Simplicity gives creatives wings
A view from Ian Heartfield

Simplicity gives creatives wings

If you do nothing more than just keep it simple, you will lift your work above the vast majority of the other dross out there, says BBH London's creative chief.

As a creative, you slave away at your craft for years. A combination of hard work and being in the right place at the right time means you rise through the ranks and eventually make it to somewhere near the so-called top of an advertising agency. 

It’s then you find out that the vast majority of the skills you need now bear little or no resemblance to the skills you fine-tuned to get you here in the first place.  

So it came as an enormous sense of relief when I discovered that at least one of the principles to the way I approach creative work is also relevant to the task of helping to lead an agency. Thank fuck for that, only 999 skills left to learn.

This principle is simplicity. Calling it a principle sounds a little grand in the cold light of a Campaign article, but it is a long-held belief of mine and a basic guiding light of most great advertising campaigns, in any medium. Keep it simple, distil the message right down and let it cut through and make an impact. 

If you do nothing more than just keep it simple, you will lift your work above the vast majority of the other dross out there, it will stand out against all the sponsored wallpaper that plasters our surroundings and our screens. Then all you have to do is make it something no-one has ever seen before and you’re basically there. Admittedly, that last bit is a lot easier said than done.

I was delighted to realise that this basic principle applies to other things, too. The agency process, client interactions, paper-towel dispensing in the gents – basically everything that happens within these four walls. If something is complicated, it saps much-needed energy, and energy is the most precious thing of all in this modern agency world we find ourselves in. That, and ideas.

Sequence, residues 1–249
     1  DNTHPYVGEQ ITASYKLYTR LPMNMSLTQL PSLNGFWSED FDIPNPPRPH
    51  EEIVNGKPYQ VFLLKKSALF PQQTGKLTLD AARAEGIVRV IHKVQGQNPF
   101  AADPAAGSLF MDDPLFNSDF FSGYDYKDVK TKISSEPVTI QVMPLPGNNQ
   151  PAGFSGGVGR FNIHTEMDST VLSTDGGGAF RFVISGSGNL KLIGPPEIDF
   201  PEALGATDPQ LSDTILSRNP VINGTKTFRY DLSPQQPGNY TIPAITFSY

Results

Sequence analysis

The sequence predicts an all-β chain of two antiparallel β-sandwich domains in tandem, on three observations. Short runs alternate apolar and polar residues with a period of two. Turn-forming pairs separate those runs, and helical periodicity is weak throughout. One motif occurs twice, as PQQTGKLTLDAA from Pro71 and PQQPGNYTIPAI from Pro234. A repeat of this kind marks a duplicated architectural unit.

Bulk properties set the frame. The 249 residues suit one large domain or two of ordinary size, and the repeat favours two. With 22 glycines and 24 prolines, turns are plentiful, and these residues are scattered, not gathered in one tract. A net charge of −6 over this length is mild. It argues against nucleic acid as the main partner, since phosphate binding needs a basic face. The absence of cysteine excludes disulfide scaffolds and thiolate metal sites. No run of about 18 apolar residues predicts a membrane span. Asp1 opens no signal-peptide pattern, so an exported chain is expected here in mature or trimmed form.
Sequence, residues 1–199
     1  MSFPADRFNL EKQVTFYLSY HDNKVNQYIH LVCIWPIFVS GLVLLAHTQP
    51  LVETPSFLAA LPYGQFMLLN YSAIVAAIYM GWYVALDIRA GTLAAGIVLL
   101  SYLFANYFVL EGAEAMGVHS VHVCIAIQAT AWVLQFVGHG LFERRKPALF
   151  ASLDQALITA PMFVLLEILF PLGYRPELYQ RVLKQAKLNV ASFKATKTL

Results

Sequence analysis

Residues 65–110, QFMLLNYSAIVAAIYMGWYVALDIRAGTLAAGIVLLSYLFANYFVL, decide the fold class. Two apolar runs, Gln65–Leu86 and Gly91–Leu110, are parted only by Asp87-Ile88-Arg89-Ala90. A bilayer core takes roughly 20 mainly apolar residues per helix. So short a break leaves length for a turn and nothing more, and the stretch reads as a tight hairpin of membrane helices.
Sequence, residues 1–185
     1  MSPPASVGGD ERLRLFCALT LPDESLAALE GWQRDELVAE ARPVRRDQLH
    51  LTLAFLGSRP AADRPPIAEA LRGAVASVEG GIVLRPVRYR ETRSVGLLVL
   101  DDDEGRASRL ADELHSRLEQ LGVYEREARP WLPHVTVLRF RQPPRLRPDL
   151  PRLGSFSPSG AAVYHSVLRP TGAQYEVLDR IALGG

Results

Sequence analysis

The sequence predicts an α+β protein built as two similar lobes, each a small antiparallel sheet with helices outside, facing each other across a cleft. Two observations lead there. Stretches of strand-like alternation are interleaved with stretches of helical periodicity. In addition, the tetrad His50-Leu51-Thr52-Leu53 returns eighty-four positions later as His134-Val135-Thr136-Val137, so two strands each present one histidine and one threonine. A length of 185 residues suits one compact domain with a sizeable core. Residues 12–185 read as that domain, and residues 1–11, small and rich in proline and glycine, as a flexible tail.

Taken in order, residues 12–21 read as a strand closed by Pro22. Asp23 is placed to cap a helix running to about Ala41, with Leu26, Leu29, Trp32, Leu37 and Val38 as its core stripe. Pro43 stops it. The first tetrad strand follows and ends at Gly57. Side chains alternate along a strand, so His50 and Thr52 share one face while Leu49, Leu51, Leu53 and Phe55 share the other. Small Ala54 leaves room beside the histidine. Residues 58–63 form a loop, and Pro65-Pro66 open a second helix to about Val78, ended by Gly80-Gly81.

But the agency situation is complicated, you say. Of course it is. You have a massive holding company breathing down your neck, the client that pays all your wages is getting wobbly, you’re attempting to re-build the plane while flying it. Just think the same way you do when you get that complicated brief that you should reject but can’t be bothered to "debate" any more with the planner – sift through all the different messages and choose the one that you want people to follow. The key word in that sentence is "one".

It’s the same with big client presentations. Think you’re busy? The chances are that your chief marketer will be 10 times busier than you are. Don’t give them 34 slides to get to one idea, don’t even give them 10, give them just three.

Slides are exhausting, even the ones that look pretty or ingeniously move to illustrate the point. Our attention spans are shrinking faster than Gen Z Facebook sign-ups, so adjust accordingly. Cut to the chase. Don’t fill the time for the sake of it. Give your chief marketer the two things he or she wants more than anything else that day: an idea to make them famous and some time back in their diary.

This thought went one stage further the other day when I was talking to our own resident knight of the realm, Sir Nigel Bogle. We realised that when you come across simplicity in an idea, in a process, in a structure, even in an office layout, it’s a shot in the arm, it’s a very real energy boost. When you hear something that’s simple and straightforward to carry out, you immediately want to carry it out, to physically get up off your backside and go and do it. You actually feel it.

We need our agencies to be action-oriented, things need to be happening, things need to be being made left, right and centre, 24-7. There isn’t time to theorise or discuss any more, we just need to roll up our sleeves and get on with it. 

Simplicity gives you the actual, tangible, physical energy you need to make these things happen. Simplicity gives you wings. 

Ian Heartfield is the joint executive creative director at Bartle Bogle Hegarty London.